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New West police department has lost six officers to RCMP so far in 2024

"Aggressive" recruiting by RCMP, Surrey Police transition and training of new recruits at JIBC all impacting the New Westminster Police Department's ability to hire new officers.
The New Westminster Police Department has lost six officers to the RCMP in January and February 2024.

The New Westminster Police Department has seen a surge of members leaving to don the RCMP serge so far in 2024.

Chief Const. Dave Jansen said the NWPD is “seeing another surge” of experienced officers leaving the organization, for various reasons. He said officers who are leaving for the RCMP are mainly doing so because of its tenure options.

At February’s police board meeting, Jansen explained that municipal police departments, including New Westminster, have tenure in all positions for their sworn members. This means officers can only work in specialty units for a certain length of time.

“The RCMP does not have that,” he said. “So we have seen a surge in individuals going to the RCMP. So far this year we have lost six members to the RCMP, strictly for that reason – their opportunity to stay in a specialty spot throughout their career, rather than have to be moved around.”

Jansen noted the six officers lost to the RCMP in the first two months of 2024 compares to seven officers who left in all of 2023.( Four went to the RCMP, one went to the Vancouver Police Department and one was terminated.)

“I think it’s just another one of those blips that we are going to see,” he said. “We are still, on the sworn members’ side, fully staffed, but we have a lot of folks who are training in different things and can’t be fully deployed.”

At its February meeting, the police board received a 2024 human resources report written by Deputy Chief Const. Paul Hyland.

The report included information about various HR aspects of the police department, including the status of the NWPD’s 154 sworn members and staffing demographics.

Jansen said he suspects the New Westminster Police Department is at “another one of those peaks” where it is going to see a lot of staff turnover.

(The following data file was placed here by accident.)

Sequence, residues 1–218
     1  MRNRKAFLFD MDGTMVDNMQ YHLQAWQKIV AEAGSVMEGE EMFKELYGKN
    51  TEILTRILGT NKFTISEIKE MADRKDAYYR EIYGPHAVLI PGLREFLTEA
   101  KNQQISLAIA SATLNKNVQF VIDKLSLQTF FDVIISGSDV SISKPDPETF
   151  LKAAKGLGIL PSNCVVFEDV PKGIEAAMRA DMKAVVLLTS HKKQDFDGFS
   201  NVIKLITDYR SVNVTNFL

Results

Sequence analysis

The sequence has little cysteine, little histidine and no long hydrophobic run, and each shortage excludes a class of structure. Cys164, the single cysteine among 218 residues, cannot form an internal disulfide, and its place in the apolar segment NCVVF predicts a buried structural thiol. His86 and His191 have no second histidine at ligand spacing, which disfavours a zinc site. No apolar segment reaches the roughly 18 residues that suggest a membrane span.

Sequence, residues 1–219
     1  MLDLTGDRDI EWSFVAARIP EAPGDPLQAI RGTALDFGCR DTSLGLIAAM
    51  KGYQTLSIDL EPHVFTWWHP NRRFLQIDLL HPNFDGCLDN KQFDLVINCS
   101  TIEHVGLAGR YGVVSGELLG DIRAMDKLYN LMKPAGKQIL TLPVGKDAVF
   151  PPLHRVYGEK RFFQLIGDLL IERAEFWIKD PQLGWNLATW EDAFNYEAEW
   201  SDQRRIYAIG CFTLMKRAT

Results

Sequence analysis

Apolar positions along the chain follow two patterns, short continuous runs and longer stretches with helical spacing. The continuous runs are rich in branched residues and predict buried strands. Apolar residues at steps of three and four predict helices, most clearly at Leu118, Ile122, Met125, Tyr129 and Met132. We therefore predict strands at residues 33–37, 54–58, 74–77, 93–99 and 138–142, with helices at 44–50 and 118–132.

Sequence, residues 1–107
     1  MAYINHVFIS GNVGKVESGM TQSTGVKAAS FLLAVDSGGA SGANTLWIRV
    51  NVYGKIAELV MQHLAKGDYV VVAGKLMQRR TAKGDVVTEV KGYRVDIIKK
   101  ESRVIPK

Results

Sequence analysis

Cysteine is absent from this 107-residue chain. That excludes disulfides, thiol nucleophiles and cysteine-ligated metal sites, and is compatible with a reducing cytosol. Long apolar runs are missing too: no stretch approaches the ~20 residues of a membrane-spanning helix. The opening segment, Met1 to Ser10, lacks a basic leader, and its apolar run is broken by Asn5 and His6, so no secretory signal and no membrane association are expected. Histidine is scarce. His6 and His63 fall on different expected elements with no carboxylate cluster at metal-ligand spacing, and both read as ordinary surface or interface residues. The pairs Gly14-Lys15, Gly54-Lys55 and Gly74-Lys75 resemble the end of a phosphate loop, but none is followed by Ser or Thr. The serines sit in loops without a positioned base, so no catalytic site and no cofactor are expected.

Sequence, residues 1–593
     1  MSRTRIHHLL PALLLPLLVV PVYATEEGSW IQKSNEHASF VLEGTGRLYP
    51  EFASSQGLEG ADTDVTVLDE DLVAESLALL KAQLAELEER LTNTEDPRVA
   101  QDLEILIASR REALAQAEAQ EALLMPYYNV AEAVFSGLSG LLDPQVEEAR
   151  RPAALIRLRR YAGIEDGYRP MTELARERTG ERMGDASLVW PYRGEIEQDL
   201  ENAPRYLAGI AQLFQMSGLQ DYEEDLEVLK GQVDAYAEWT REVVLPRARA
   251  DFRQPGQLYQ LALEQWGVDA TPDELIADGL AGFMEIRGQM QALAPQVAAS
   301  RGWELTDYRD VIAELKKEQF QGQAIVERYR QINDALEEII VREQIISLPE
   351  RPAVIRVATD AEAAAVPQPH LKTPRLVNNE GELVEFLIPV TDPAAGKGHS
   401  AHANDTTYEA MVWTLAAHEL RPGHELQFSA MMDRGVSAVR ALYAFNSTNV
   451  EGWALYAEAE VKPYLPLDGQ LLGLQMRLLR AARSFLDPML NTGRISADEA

“So that does obviously impact some of the things that we would like to do when it comes to recruiting,” he said. “We have to go with what we have and get the best candidates obviously. We are not going to lower our standards. So that just makes it a little bit more challenging.”

According to the report, 2023 was another “very dynamic year” for recruitment and retention of police officers. It stated that “sworn member attrition” totalled six in 2023, which was down from 13 in 2022.

“The current challenge being faced regarding the RCMP is their aggressive recruiting of experienced members,” said the report. “Due to significant RCMP vacancies, they are offering experienced members’ choice of detachment or specialty position.”

Of the four members who left in 2023 to join the RCMP, the NWPD report stated two had moved to detachments outside of the Lower Mainland (citing cost of living concerns), while one remained in their current seconded position with the LMD Emergency Response Team, having been promised unlimited tenure in their position.

The New Westminster Police Department didn’t lose any officers to retirement in 2023, but anticipates “a number” in 2024, which will create staffing challenges, continued the report.

Recruiting challenges – including aggressive recruiting

The police department has noticed “continued competitiveness” in the hiring of experienced officers and recruits – and anticipates that will continue into 2024.

“On the positive side, we continue to see the NWPD as a police employer of choice, both at recruit and experienced member positions,” said the report. “In 2023, we hired 15 sworn members, including 11 recruits and four experienced members.”

The report stated the New Westminster Police Department anticipates it will encounter some of the same staffing and recruiting challenges this year that it experienced last year. This includes:

  • Aggressive recruiting campaigns by all police agencies for recruits and experienced officers because most, if not all, have significant vacancies to fill.
  • The transition to the Surrey Police Service is anticipated to “continue to create a vacuum of qualified applicants” – creating a “buyer’s market” for applicants (both experienced officers and recruits) as all police agencies are seeking officers to fill current vacancies.
  • The number of recruits being trained at the Police Academy at the Justice Institute of BC. It’s currently slated to run three recruit classes per year of 64 recruits each, totalling 192 annually.

“Recent projections have indicated that over the next three years, the Police Academy needs to put through 300-plus recruits annually to keep pace with vacancies and attrition for municipal agencies,” said the report. “Currently we (New West) have been averaging four seats per class, which is the bare minimum for us to continue to maintain staffing levels.

According to the staff report, the NWPD’s recruiting team anticipates hiring 12 to14 recruits based on anticipated attrition.

“This is a bit of a moving figure as we are unable to accurately predict attrition to other police agencies,” said the report. “Again, the challenge that we face is the fact it takes a new recruit about 10 months to complete their Police Academy training and become fully operational. Given this, unanticipated vacancies are often filled by bringing on experience members who can begin working operationally much quicker.”